Sunday, September 09, 2012
The Republican Dilemma
The Republican Dilemma
Lutherans singing in the Baptist Choir
By Stephen L. Wilmeth
There they were crying in the aisles and swaying to the music. The preference was not to watch it at all, but there was the need to switch the channel back to Fox so I could watch Gretchen, Steve, and Brian in the morning.
If you were a space alien watching Earth TV for the first time, there is simply no doubt the Democratic Convention is more viewer alluring than the Republican. The music is better, the correctness is all aligned, Harry Potter is sprinkling fairy dust, and Bill Clinton is back stage triangulating pheromones with Sandra Fluke.
What a production … it is in that contrived world those people are at their finest!
Call to the gate
Charles Krauthammer has become the elite conservative sage in the business today. It is only his weekly column that assures a no flinch response when it is read. He reported this morning the Obama popularity continues to reflect an inverse relationship with the Obama record. There is no way this should be happening.
That was clearly evident over the last 48 hour reporting cycle when Big Bill had to be trotted out to unconditionally assign his record to the campaign for its continued vitality. The infusion of the Clinton aura is, in itself, strange to me. The most honest response the former president displayed was when he went after the current president in the primary against Hillary in 2008. If he was intent on inaugurating his wife in 2017 or 2021, it would seem he should be keeping his powder dry. He’s the master politico, though, so what do I know?
Thank goodness it is over. Thank goodness both of the big productions are over!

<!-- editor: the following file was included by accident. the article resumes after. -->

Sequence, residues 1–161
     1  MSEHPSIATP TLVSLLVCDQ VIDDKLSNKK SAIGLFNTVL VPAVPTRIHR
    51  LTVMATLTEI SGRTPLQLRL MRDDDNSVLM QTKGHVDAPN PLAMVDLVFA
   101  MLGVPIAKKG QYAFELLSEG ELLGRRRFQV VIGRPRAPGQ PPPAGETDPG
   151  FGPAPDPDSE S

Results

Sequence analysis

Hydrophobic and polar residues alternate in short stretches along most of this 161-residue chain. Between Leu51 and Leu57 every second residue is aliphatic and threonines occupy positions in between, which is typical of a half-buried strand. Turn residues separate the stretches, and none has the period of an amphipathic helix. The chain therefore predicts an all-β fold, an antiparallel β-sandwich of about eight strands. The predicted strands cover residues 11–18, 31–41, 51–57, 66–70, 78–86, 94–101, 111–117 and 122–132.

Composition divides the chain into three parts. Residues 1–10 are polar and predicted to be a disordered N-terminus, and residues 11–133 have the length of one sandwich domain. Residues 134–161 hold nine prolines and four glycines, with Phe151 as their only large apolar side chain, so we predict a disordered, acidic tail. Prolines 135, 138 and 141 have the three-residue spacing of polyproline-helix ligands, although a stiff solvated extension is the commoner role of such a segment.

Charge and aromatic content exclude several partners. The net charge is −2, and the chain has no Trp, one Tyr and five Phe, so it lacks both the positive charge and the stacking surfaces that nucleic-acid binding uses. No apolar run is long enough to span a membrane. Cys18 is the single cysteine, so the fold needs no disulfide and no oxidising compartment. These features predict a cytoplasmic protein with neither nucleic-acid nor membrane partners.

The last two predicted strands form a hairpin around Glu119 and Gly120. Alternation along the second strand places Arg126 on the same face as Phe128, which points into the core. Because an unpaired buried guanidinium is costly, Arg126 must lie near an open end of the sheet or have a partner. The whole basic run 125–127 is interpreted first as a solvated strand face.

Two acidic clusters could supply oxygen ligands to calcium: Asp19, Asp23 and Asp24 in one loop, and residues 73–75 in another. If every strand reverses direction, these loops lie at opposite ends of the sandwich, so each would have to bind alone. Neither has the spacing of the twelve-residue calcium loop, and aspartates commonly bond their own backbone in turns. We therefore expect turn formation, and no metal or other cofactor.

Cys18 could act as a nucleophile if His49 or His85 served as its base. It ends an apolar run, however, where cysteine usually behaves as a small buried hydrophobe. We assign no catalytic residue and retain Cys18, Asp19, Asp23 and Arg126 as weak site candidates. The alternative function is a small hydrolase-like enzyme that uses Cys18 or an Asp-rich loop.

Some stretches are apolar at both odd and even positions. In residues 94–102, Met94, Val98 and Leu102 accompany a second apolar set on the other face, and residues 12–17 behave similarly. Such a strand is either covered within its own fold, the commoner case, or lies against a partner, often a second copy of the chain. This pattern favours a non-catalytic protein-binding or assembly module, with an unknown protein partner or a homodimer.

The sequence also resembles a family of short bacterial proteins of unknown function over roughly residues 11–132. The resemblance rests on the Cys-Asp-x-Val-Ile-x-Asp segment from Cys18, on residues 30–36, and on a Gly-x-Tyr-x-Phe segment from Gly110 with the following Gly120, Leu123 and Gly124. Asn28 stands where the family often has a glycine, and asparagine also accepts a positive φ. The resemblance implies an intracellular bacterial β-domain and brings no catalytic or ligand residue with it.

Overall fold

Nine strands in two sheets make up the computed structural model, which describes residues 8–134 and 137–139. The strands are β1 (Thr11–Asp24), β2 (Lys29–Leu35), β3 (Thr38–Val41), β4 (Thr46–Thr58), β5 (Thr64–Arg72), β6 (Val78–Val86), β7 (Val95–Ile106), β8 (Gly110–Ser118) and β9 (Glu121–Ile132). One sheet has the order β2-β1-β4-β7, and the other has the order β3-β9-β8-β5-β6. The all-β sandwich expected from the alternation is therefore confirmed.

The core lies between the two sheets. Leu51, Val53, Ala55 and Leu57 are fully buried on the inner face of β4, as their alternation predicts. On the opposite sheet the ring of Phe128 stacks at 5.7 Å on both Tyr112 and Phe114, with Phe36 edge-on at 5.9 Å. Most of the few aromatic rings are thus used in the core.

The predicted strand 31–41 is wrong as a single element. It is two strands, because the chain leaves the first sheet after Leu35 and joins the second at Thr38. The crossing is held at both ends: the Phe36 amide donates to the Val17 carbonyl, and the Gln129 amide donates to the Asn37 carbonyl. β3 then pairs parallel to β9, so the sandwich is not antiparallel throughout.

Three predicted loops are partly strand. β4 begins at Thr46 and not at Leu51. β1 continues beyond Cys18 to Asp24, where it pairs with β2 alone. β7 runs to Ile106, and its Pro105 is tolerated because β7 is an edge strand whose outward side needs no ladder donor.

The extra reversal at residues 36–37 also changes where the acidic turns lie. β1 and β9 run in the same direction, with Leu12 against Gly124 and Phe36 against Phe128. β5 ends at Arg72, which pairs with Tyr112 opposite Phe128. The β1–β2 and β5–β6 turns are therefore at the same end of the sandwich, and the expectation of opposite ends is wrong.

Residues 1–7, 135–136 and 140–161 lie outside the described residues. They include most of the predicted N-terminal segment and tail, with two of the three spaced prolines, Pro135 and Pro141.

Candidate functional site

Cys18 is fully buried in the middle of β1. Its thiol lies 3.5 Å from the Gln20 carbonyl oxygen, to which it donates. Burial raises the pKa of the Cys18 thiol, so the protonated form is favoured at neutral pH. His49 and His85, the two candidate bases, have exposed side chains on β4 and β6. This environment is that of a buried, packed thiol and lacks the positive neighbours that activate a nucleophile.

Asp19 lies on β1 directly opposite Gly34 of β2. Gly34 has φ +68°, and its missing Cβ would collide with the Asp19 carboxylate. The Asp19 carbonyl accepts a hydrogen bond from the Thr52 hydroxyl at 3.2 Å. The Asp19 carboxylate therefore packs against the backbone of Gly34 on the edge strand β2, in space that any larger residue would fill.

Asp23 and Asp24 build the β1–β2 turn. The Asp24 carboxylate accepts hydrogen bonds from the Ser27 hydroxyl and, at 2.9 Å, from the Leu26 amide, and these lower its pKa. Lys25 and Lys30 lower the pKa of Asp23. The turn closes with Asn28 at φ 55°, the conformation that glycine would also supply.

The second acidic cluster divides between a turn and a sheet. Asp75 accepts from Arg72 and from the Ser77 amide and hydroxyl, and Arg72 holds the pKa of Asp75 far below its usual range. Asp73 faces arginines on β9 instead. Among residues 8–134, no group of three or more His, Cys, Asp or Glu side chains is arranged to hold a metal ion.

We can now look forward to nonstop punch and counterpunch with the majority of the press spreading jelly over the horror of what most of us feel in our stomachs.
What a debacle!
The Republican syndrome
There is something inherently troubling in the symbolism that the conservative camp projects during their convention. If I feel it, too many conservatives feel it.
To try to define what it is, one clue may be found in the first dances we attended in junior high school. There were sponsors and chaperones, but it always felt different if your parents were the chaperones. If that was the case, there was a troubling, lingering haze of constraint. Remember that?
When other chaperones were present the haze was a bit less dense and the actions of speech and spontaneity were more fluid. The point becomes, there was an undercurrent of influence that affected the proceedings.
Similarly, there is something that affects staged conservative actions that alters and affects the ambience of the gathering. I think it is deference to political correctness. Attempting to appeal to a world that is framed by the greater press and a progressive social agenda, conservative actions of speech, spontaneity of intent, and character are altered. The chaperone in the room is not a parent. It is that dreaded master, political correctness.
The outcome is what it is. The event often looks awkward and rehearsed. The rules being followed are not normal or natural preferences that a conservative being would pursue in an unscripted setting. It can even come across hokey, and the antagonists pounce upon the outcome. The participants are more easily minimized and vilified, and the masses are enlisted to join in the jeering.
It is that junior high dance revisited. The conservative is admonished. He much prefers a venue that is more natural.
The liberal response is completely different. There is nothing more appealing than sharing emotions in a mob. Liberalism is predicated on mob action. The drummer is going to bang away a bit harder, the amplifier is going to be raised another decibel and the speech writer is going to alter a phrase to capture a yet more exhilarating clash of ecstasy. The press is up there in the rafters playing the symbols! All is well in Valhalla! Let is all hang out! All for one and one for all! We are family! Hey, I love you man …
And, Bill Clinton is out in the bus triangulating pheromones with Sandra Fluke.